The Official Merchant Services Blog begins our second year of blogging with a look at one of our favorite topics: E-Commerce.
2011 saw huge gains for online shopping. As reported in The Official Merchant Services Blog on Cyber Monday, online shopping was strong on Black Friday. IBM research unit Coremetrics stated that 20% more consumers shopped online Black Friday 2011 than did in 2010. The data collected also states that 39% more online shopping happened on Thanksgiving Day 2011. The ease of online shopping is infiltrating the traditional brick-and-mortar retail event and Host Merchant Services‘ analysis of it held true –– sales numbers across the board rose from 2010, so overall Black Friday had a boost for retail, but clicks from e-commerce continue to grow and cut into the sales from bricks.
Also, mobile payments saw a huge increase during the holiday shopping season. According to this article from Seeking Alpha, mobile payments business increased 500% from 2010 on Black Friday. According to the article, PayPal mobile reported the huge increase, coming in at 511% to be exact. PayPal Mobile also noted that there was a 350% increase in mobile shopping on Thanksgiving 2011 when compared to 2010.
The Numbers Keep Coming In
This article by Internet Retailer demonstrates that Black Friday was just the beginning. There were more than 3,000 transactions totaling $141.6 billion in 2011 in the marketing, media, technology and service industries according to data collected by investment banking firm Petsky Prunier LLC. Of those transactions the E-Commerce and digital media segment was the most active, with 1,159 deals valued at more than $44 billion.
All of this activity demonstrates strength in the E-Commerce industry, and suggests that 2012 is a year primed for continued growth and success — which combines with the already rampant predictions of success for Mobile Payments within the E-Commerce industry.
Is There A Bubble?
This article from moneycontrol.com asks the question, “Will the E-Commerce Bubble Burst?”
Comparing the recent success to the success of internet companies in 2000 and 2001, the article tries to figure out if the bubble will burst like it did back then for tech companies. The author’s opinion is that the similarities are only on the surface, and that the two situations are vastly different — suggesting that in the end, it’s not a bubble that is going to burst but rather an industry that is going to grow and evolve. The article looks specifically at the E-Commerce sector in India, but does spend time detailing the big picture globally.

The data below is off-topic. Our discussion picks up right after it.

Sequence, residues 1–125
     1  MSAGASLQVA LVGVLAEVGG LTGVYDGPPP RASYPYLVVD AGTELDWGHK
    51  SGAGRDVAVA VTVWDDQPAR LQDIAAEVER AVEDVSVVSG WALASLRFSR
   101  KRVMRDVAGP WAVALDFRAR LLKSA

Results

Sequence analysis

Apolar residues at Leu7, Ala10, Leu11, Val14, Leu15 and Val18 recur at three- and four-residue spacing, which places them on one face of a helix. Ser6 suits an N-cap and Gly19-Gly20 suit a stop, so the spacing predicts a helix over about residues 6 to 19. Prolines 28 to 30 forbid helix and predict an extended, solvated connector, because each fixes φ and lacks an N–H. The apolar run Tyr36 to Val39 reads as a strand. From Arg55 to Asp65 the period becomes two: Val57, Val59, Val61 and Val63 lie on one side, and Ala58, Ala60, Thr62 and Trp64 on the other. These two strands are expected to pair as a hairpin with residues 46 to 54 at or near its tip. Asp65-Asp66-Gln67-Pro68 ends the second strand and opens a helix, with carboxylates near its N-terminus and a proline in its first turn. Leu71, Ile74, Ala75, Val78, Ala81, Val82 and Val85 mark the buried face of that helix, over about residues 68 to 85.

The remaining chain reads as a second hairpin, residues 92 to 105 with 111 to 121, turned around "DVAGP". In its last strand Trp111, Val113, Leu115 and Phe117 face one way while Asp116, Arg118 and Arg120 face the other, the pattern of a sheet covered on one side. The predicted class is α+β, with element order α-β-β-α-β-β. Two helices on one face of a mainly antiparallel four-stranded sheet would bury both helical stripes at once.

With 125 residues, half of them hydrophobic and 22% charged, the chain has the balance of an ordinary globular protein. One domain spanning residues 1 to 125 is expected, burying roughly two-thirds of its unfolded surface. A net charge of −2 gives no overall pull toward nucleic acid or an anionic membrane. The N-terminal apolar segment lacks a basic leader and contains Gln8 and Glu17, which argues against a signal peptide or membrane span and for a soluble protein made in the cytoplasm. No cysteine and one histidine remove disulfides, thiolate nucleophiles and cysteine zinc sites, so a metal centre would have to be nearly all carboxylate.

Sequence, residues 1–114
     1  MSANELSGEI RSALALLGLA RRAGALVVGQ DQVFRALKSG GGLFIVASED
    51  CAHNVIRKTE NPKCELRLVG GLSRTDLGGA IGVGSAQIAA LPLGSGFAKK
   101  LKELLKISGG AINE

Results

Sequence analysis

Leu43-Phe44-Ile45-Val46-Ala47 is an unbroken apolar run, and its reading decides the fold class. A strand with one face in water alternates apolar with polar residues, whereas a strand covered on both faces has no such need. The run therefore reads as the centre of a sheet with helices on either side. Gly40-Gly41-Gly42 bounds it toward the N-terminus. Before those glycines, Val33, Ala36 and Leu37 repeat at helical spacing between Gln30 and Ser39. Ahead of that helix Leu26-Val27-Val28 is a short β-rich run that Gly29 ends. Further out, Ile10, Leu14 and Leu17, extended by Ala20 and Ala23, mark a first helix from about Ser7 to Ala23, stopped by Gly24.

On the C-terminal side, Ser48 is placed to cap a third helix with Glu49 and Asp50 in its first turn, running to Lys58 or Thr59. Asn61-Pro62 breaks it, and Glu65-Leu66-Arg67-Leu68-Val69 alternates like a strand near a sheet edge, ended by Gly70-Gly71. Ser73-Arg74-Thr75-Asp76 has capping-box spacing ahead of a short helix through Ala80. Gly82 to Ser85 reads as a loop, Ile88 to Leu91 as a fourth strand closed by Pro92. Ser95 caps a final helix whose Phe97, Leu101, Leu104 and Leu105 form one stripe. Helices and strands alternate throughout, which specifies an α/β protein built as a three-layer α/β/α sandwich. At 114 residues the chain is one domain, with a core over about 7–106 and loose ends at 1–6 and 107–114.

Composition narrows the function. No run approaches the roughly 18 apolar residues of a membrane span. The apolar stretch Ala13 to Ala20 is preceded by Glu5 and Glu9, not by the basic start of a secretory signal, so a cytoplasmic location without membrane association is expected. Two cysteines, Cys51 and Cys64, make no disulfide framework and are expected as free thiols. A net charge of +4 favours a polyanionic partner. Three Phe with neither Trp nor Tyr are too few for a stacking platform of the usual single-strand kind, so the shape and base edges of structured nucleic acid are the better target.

Online Shopping is Now Commonplace
To really underscore the potential growth that E-Commerce has in 2012, this article from Daily Deal Media talks about how popular online shopping is becoming with moms. The article cites a BabyCenter survey which suggests that: “71% of moms regularly turn to websites such as shopping engines and review sites to compare prices. Another 56% admit to searching for coupons or digital discount opportunities on a regular basis.”
This is a compelling point in regards to the overall picture of E-Commerce. It has become more and more commonplace in everyday life for shoppers around the world. Mothers are turning to it for the convenience of being able to get shopping done quickly and efficiently, according to the article. And it is just become an ingrained part of our economy, fueling the potential for further growth.
Mobile Payments Big Problem
The potential growth for Mobile Payments is huge. But the one thing holding it back in the U.S. is security. Just as online shopping has become more and more commonplace, people have gotten comfortable with making payments online. That brings risk, as phishing scams and credit card fraud has increased. But security standards like the PCI DSS have helped to make the mainstream comfortable with clicking the pay button and giving out their payment information.
Mobile Payments, however, are not quite there yet in terms of acceptance. This article from the Chicago Tribune discusses the looming security issues that the mobile payments market faces. As the article states: “While the first mobile virus dates back to June 2004, risks from hackers remained limited because of the relatively small size of the market. But this has changed with the surge in the smartphone segment, which this year outgrew the PC market, and the new dominance of Google’s Android software. The emergence of mobile payments, which allows shoppers to swipe their phones at a cash register, is whetting the interest of hackers and data thieves.”
The article states that fewer than 5% of smartphone users have security software installed on their device, according to Juniper Research — the same Juniper Research that predicts Mobile Payments will increase to a $670 billion industry by 2015. And a study by Deloitte cited in the article suggests that for companies in the technology, media and telecom sector expect data stored on staff mobile devices to be their biggest security headache in 2012.
Essentially that’s the biggest obstacle holding back the Mobile Payments industry. The sheer convenience the technology brings to the payment industry is extremely powerful and so despite security concerns it continues to be developed and pushed. 2012 will see growth in the industry, despite the security issues. And as consumers get more and more familiar and comfortable with the phone swipe style of payment, the industry will boom.
A List for 2011
And just for fun, here’s a list from Mashable.com detailing who they think were the biggest winners and losers from 2011 in E-Commerce.
- Their winners include: Amazon, Apple, Wal-Mart and Gilt Groupe.
- Their losers include: Barnes and Noble, HP, Netflix and Sony.
Click the link to read why each company made the list.